What the heck is a seasonal cleanse?

From Prairie Star blogger, Lisa...

You might be like me.  I had heard enough about cleansing to know that I might benefit.  However, I was still confused.  There are many types of cleanses available, just google away in your spare time.  Liver cleanse, colon cleanse, detox, colonics… are they all the same?  I was very confused by these terms before I began to study herbalism.  My first cleanse (prescribed by an MD) was very restrictive, with only certain types of food allowed, along with various supplements, the best part was a cool calendar that I used as a journal of my experience.  While I was initially intrigued, the whole process exhausted me – I felt good for a period of time, but it wasn’t life-changing for me.  I began to do my own research and learned a whole new way of cleansing, led by my teacher, herbalist, and friend, Nicholas Schnell.  This was a method that didn’t stop at taking care of my physical body, but extended to my emotional and spiritual selves.  And even more interesting, there were different kinds of cleanses.  Mind-blowing! 

These cleanses were tied to the seasons.  Over several years, I’ve embraced the idea of using the seasonal cleanse as a way to bridge the transition between seasons.  In the Midwest, where I live, seasonal transitions are strongly defined.  We experience winters with subzero temperatures, rainy springs, humid and stifling summers, and dry windy autumns.  I often struggled with these changes, having difficulty with mood changes, including depression, fatigue, insomnia, and digestive issues. 

Seasonal cleansing uses core concepts from Traditional Chinese Medicine (TCM), from Ayurveda, the medical system developed in India, and from an eclectic blend of European and Western traditions.

TCM’s five element theory states that each season relates to a different element, with its accompanying physical organ systems, and emotional and spiritual components.  At last!  Something that makes sense to me, and gave me guidance in understanding and dealing with seasonal change.  TCM says that spring belongs to the liver and gallbladder, “blood-cleansing”, summer is the heart and small intestine, late summer focuses on the spleen and stomach, fall is for care of the lung and large intestine, lymph system, and winter is for the kidney and bladder.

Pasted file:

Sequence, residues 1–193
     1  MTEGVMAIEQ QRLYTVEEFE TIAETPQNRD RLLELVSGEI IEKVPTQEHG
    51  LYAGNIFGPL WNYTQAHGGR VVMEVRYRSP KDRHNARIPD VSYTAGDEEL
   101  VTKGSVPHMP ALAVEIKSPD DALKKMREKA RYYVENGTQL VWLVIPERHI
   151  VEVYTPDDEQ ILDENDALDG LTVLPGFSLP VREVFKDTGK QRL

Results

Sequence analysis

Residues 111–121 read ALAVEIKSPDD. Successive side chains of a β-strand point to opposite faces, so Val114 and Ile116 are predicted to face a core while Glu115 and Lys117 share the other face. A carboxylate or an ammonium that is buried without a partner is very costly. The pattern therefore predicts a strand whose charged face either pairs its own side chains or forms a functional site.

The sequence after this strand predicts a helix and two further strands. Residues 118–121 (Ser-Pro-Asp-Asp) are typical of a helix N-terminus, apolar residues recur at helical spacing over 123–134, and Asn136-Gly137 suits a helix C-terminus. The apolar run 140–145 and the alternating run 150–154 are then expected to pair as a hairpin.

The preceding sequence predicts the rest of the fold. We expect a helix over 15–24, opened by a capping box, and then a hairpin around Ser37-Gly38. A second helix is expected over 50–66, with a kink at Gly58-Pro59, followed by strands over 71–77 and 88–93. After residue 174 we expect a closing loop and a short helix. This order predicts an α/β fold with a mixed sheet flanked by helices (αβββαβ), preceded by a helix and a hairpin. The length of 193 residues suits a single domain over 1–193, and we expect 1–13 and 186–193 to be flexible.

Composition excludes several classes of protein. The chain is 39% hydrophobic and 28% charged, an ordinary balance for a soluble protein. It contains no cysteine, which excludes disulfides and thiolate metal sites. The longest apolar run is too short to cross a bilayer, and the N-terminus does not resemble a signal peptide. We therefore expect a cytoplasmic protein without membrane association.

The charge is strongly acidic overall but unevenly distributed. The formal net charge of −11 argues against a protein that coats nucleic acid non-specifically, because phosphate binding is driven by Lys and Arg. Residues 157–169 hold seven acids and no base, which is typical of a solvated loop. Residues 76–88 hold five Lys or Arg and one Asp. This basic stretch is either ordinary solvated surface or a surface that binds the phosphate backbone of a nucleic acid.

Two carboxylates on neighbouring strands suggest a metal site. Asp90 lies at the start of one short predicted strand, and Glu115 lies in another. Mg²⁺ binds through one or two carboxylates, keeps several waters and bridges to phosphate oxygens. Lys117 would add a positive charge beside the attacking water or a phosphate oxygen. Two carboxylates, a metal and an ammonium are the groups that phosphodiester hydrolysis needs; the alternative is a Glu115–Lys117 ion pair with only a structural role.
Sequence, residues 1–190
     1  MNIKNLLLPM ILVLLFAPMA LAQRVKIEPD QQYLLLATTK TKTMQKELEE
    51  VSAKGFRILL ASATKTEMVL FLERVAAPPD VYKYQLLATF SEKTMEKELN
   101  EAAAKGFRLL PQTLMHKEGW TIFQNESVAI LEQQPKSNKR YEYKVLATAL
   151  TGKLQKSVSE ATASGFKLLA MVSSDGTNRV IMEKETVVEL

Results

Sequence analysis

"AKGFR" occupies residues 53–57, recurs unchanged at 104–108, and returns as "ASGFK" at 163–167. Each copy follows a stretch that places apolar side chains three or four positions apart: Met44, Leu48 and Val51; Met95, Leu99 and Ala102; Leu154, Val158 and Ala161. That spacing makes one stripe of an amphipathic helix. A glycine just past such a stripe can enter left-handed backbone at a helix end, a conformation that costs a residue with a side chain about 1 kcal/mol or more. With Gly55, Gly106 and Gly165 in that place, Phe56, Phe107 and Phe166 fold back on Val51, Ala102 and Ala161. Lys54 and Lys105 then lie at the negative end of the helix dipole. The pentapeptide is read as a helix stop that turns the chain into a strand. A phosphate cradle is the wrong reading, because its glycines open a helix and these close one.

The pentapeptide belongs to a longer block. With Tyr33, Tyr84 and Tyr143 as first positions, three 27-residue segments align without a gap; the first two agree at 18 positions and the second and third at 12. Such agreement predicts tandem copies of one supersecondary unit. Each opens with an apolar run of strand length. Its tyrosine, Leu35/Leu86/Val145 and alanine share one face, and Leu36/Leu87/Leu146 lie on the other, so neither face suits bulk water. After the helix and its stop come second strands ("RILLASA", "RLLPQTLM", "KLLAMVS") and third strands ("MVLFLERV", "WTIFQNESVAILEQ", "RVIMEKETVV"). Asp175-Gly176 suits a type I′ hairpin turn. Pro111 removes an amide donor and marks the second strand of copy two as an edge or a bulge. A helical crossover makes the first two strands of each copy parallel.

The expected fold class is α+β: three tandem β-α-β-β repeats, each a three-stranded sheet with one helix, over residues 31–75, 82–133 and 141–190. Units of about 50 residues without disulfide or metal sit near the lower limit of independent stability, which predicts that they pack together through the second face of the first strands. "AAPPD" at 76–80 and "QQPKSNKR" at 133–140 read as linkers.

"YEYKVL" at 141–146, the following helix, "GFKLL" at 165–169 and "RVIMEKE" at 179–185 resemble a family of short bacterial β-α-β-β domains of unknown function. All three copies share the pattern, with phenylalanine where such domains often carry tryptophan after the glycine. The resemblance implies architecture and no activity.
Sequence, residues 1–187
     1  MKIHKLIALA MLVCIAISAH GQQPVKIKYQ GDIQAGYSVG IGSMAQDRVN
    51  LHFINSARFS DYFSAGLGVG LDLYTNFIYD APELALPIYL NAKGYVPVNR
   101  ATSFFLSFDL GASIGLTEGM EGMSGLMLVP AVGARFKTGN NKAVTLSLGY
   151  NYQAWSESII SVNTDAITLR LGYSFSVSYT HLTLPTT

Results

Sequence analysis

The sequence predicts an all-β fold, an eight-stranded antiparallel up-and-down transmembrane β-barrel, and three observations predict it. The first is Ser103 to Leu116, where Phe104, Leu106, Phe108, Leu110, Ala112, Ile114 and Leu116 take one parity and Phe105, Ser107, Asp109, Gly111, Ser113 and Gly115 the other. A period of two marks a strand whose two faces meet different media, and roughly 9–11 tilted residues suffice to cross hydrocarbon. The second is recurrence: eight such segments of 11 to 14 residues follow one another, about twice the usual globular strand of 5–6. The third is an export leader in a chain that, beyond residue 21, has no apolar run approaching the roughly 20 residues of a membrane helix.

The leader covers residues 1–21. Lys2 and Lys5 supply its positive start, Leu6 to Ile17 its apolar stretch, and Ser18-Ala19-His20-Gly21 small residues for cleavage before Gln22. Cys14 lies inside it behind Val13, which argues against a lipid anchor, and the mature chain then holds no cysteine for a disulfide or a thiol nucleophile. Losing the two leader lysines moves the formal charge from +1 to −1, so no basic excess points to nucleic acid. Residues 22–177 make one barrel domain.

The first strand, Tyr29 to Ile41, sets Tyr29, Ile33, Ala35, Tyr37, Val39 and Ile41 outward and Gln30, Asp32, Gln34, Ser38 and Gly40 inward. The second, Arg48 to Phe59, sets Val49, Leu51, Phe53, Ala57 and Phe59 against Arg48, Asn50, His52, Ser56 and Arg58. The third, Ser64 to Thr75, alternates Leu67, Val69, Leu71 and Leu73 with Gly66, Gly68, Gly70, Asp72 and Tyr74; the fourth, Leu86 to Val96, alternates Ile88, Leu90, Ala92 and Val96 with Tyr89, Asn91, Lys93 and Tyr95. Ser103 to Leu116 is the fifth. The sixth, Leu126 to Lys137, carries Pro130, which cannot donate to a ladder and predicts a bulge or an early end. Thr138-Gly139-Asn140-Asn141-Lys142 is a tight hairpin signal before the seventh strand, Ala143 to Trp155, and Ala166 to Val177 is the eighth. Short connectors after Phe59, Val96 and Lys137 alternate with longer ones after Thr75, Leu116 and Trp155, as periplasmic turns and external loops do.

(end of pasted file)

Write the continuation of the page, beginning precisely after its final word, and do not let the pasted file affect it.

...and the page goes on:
Cleanses are part of Ayurvedic tradition – the indigenous medical system of India that arose over 2,000 years ago and includes breathing, meditation, and yoga.  My favorite cleanse food – kitcharee, a cleansing and nourishing bean and rice dish comes from this tradition.   Ayurveda literally means “the science of life”, and is based on the concept of three doshas – pitta, kapha, vata.

In France, the “depurative cure” was an annual tradition practiced at the end of winter – to signify the end of cold-weather eating based on high protein and fats.  An ancestral herbalist tradition was passed on from mother to daughter, but gradually fell out of favor due to the influence of modern life – no time to be proactive, no seasonal rhythm.   It was a balance to the excesses of modern life, like out of season foods and cooking methods, overeating, and exposure to toxins.

Seasons represent times of physical and psychological change – central to indigenous traditions.  In our modern world, we are less aware of seasonal changes – partly due to our busy schedules that ignore seasons, partly due to technology and it’s ability to allow us to cross time-zones and geography, partly due to the availability of produce that is shipped to us even though it’s out of season for our location.  I find that it’s best to start 3 – 7 days before the official change of the season.  But I also use the cues of nature– in fall, when leaves start to turn colors, in spring when plant buds start to peek out of the soil, in summer when the first fruiting plants show flowers, in winter when most plants go dormant.  And, even with the best intentions, I find that seasonal cleansing is very forgiving for my lapses in schedule.  So, here I am doing a winter cleanse in January, when winter started in December. 

If you are intrigued, come and join me on Saturday, January 19, 2019 from 10 to noon.  We'll be talking about the winter cleanse.  More info on our facebook page.  I’ll get you started, answer your questions, expand your awareness, and even cook for you.  For me, cleanses are life-changing.  Maybe they are for you, too.


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